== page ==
Measure for Measure

Curators: Drorit Gur Arie & Hila Cohen-Schneiderman 13.2.2014 - 26.4.2014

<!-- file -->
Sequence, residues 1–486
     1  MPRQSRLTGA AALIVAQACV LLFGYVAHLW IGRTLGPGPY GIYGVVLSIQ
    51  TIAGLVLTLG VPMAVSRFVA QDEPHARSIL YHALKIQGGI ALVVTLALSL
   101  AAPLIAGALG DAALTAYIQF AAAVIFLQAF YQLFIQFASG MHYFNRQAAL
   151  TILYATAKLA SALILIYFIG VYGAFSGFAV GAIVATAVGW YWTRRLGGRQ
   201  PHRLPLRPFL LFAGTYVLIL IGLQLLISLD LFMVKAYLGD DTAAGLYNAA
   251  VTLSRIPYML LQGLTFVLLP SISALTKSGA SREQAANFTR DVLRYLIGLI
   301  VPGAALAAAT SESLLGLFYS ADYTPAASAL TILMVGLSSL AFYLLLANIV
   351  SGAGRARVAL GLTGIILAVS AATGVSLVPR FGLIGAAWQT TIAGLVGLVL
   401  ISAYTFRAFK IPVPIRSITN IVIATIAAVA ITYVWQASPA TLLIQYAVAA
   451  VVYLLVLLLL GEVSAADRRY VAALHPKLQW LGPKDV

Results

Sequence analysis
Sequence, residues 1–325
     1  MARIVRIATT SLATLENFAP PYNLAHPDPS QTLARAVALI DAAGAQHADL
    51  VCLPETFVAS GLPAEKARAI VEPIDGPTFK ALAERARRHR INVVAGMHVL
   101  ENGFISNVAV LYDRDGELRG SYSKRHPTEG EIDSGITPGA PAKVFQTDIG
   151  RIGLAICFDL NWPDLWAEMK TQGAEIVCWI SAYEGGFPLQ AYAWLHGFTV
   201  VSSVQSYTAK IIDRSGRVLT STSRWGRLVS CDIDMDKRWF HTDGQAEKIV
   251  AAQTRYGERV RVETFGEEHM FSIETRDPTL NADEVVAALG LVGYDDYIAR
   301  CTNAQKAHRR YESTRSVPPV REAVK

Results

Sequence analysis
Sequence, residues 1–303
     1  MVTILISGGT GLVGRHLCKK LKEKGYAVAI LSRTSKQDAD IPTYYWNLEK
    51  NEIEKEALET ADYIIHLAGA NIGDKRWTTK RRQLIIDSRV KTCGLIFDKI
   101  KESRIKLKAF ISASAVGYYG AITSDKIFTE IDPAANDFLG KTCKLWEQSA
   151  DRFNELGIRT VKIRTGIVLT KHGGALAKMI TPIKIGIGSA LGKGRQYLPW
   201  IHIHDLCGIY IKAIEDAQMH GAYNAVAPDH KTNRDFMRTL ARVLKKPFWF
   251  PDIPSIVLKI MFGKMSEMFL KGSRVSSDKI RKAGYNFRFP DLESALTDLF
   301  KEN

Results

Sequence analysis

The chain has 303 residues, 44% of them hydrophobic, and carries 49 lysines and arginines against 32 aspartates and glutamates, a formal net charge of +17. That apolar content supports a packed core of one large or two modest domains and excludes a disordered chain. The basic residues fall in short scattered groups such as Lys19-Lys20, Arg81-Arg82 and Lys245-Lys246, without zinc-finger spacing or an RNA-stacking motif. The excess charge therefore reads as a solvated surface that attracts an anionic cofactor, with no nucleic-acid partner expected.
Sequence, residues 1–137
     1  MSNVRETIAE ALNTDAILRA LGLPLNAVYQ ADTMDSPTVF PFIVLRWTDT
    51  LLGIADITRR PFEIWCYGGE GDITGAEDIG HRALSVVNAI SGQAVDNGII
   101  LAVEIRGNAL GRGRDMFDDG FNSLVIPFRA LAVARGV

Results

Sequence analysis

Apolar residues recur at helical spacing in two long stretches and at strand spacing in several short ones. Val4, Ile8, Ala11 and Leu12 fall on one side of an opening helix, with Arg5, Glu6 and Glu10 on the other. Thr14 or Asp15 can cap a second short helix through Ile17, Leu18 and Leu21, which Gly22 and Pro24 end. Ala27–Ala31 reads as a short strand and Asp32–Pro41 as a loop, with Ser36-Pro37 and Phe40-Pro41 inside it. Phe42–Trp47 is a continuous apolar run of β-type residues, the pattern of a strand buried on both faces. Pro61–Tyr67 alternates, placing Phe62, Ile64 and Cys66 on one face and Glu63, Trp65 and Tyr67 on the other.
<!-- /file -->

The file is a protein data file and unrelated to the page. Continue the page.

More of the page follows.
Assaf Shaham addresses the slide projector and the situation in which the slide cartridge is empty, the image is absent, and it projects the light of the bulb alone, thereby also alluding to photography's conditions of creation. In Double Crossing (2014) he uses two Kodak Carousel slide projectors for which he created a 3D simulation converted to slides. One presents images of the empty slide in its maximum size, pivoting on its axis like the cyclic movement of the projector's slide cartridge, while the other presents the empty slide in its minimum size, pivoting vertically on its axis. The movement of the images follows the endless loop of the cartridge's movement, which is tantamount to the temporal dimension in photography. Light, which moves around itself, acquires sculptural qualities, exposing itself to the viewers throughout its 360 degrees. Unlike state-of-the-art projectors which emphasize the cinematic syntax and create an illusion of continuity, the slide projector perpetuates the unique, one-off photograph. It is a means of projection which may be dubbed nostalgic, concealing the pain of memory, without necessarily reveling in it, as is often claimed; the moment of Death which the image produces while trying to preserve life.4 It is a dedicated device for screening still photographs, hence the fundamental need in it is still relevant today, yet the question arises, with what kind of images does one charge the device now? The simulative-motive manipulation created by Shaham via the image of the empty transparency results in a type of Stop Motion, thereby also exposing the cross-generating act, which appears as a revelation in slide no. 40, only to abruptly deconstruct in slide 41, and so on. The use of a slide projector lowers the bright cross shining into the distance from the cathedral's rooftop to eye level and human measure, so that the icon becomes concrete once again as the wooden cross on which many were crucified.